To bring real efficiency and speed workflows into the newsroom, the newsroom video platform needs to be agnostic to codecs. The traditional newsroom had to cope with one, or possibly two, tape formats. Since material was mainly ingested from tape decks and incoming feeds via SDI or even analog composite, the issue of codecs did not arise. The newsroom editing system could be considered a closed system with SDI in and out. Now material may come in from all manner of tapeless cameras: XDCAM, DVCPRO, as well as AVCHD and other files from DSLRs. Files can be simply copied across rather that ingested (which was usually in real time), making the process of ingesting material as fast as the copy operation.

This raises the issue of the editing codec. Should one be chosen—say, XDCAM HD 35Mb/s, for example—and all other material be transcoded at ingest? Or should material be edited natively, with the playout server supporting multiple codecs?

Incoming material may not be broadcast-quality; it may come from camera phones. It may be HD, or it may be SD. A transcode is just an impediment to the workflow, much like the ingest of tape, and it will add another delay into the workflow, small but finite.

Remote Access

The next step is to give reporters remote access to the NRCS and the ability to browse the archive from the field. Equipped with a laptop editor, BGAN terminal or bonded cellular link, the reporter can research, edit scripts and cut the story in the field, and even view rundowns to see where it sits in the newscast. The script can be changed right to the wire when events are quickly unfolding.

The need to feed news in multiple formats to different channels and devices has added to the complexity of delivery systems. The news studio is no longer the sole output of a station’s newscasts. The newsroom system must be integrated with third-party content delivery systems to feed social media platforms and the web. The newsroom must also interact with the public via social media, and be equipped to accept incoming material from citizen journalists. A big news event may create thousands of incoming clips shot by the public with their phones. All this must be sorted and checked as untrusted material, as opposed to trusted material from staff or news agencies.


Prestige news operations lean heavily on graphics for the studio presentation—with data-driven graphics, virtual sets, touchscreen and video walls. Even small newsrooms can use virtual sets. All this adds to the complexity of interfacing the video playout with third-party systems. The MOS interface has become an ad hoc standard for messaging between newsroom applications and has good support from suppliers.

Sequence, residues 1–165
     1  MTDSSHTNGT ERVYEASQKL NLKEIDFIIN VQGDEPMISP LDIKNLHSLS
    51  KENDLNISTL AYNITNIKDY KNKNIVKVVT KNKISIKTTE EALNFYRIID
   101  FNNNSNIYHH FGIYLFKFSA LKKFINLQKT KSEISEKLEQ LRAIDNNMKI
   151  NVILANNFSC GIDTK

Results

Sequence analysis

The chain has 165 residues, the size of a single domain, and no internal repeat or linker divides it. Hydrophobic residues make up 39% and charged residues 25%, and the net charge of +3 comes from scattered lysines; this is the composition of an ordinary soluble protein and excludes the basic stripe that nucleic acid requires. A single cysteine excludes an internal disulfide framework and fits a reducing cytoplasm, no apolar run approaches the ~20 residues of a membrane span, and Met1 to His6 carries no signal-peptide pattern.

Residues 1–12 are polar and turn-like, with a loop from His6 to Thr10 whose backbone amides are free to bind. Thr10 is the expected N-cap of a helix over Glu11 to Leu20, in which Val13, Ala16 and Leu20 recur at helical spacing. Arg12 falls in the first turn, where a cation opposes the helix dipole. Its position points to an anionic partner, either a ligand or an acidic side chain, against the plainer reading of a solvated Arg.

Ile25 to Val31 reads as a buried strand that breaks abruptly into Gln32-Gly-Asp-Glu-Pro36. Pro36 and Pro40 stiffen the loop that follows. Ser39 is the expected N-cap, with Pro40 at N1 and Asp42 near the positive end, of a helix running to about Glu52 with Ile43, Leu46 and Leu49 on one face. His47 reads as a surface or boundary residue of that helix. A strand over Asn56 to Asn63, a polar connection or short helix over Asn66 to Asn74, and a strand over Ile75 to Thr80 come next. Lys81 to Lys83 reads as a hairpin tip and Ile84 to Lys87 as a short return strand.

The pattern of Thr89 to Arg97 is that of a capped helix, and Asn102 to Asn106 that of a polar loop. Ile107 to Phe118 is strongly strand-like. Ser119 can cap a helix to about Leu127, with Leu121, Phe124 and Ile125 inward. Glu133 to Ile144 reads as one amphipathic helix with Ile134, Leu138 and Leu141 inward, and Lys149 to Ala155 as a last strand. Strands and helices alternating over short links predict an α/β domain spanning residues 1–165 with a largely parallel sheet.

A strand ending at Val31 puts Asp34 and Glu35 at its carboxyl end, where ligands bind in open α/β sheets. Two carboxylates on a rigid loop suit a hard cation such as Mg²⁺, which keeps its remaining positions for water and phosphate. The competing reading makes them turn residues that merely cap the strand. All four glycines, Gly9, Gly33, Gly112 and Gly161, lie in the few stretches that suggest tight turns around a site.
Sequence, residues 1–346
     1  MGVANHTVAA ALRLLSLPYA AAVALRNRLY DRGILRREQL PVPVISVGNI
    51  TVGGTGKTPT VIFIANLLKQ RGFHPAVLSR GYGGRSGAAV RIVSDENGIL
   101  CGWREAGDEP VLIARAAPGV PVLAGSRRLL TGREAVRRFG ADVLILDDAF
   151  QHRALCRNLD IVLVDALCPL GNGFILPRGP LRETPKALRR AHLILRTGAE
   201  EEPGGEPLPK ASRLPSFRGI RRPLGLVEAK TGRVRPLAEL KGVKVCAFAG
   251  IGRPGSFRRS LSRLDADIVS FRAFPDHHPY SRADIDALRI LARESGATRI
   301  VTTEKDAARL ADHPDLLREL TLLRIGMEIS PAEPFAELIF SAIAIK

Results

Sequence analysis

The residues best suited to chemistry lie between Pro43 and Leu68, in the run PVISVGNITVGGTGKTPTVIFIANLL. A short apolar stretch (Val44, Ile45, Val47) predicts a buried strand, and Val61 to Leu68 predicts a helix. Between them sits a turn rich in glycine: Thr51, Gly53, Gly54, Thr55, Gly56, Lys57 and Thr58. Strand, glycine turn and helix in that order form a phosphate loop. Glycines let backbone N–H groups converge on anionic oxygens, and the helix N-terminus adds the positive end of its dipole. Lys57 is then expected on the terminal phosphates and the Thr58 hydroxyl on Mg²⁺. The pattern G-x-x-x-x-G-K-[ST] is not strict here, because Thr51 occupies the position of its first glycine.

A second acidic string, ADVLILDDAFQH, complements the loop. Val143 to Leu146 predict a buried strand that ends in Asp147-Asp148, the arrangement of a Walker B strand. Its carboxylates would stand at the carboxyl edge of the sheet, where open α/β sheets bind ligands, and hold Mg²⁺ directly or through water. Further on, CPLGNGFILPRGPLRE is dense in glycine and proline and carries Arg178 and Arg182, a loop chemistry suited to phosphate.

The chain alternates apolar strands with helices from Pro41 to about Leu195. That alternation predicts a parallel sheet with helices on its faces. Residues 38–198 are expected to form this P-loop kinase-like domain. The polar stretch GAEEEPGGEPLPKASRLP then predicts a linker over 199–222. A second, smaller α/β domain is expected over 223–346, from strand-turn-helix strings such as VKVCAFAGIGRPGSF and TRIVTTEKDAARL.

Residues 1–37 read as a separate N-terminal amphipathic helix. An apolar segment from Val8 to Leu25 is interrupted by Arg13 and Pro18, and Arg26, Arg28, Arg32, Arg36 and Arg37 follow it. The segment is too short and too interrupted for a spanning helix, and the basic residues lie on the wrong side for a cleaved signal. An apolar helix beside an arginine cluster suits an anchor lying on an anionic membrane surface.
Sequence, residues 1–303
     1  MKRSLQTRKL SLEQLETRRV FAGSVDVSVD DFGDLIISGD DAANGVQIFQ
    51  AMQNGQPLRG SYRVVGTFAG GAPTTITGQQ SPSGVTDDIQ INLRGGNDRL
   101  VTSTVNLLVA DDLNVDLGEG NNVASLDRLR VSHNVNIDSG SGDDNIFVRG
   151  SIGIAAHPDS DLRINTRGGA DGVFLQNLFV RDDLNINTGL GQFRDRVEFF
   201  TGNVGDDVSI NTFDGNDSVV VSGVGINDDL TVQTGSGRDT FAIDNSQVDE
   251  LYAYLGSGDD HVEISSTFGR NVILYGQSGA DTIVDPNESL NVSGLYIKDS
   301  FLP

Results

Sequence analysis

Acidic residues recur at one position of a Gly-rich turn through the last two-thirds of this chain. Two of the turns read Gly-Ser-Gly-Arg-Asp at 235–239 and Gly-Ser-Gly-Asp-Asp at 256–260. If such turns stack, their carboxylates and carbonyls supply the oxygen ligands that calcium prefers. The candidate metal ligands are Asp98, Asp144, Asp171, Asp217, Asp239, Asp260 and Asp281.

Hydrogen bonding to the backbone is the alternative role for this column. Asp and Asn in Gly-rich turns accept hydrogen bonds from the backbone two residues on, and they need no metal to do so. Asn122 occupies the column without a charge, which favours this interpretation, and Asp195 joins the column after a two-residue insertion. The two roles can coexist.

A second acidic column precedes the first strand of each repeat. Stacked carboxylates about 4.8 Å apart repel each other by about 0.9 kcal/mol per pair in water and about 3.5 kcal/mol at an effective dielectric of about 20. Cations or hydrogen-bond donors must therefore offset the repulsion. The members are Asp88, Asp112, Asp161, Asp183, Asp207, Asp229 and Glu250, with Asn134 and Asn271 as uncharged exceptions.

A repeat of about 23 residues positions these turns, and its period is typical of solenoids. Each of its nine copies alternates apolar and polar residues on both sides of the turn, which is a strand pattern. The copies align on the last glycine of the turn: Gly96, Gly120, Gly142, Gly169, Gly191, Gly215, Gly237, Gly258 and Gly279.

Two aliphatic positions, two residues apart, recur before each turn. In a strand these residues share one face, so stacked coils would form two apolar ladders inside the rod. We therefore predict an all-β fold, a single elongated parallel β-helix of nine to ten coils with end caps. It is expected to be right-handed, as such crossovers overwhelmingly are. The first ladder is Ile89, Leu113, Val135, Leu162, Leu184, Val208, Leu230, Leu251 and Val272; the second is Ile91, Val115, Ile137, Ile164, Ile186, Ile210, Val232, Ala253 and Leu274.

Re-equipping a newsroom for file-based production also represents an opportunity to look at the advantages of remote working, and to see what is needed to support multi-platform delivery in a cost-effective manner. The older newsroom may be comprised of an NRCS, a video editing system and graphics (linked via MOS). Now newsroom technology must orchestrate ingest, scripts, video and audio editing, graphics, DAM, archive and playout through a seamlessly integrated system. Only in this manner can new features such as IP delivery to multiple platforms and remote working be added without creating a costly and unwieldy system.

News operations are changing rapidly to keep pace with evolving needs from the public, which are driven by social media and the web. Newsroom systems should be flexible enough to accommodate these new demands in a cost-effective manner if the broadcaster is to remain competitive. This demands an open architecture, with easy integration to third-party vendors.

Live programming—news, sport and reality shows—is the specialty of television. For broadcasters to stay ahead of on-demand video platforms, they must improve news output, and the tapeless newsroom is at the heart of the newscast.

Related Reading:EVS – Live News. Fast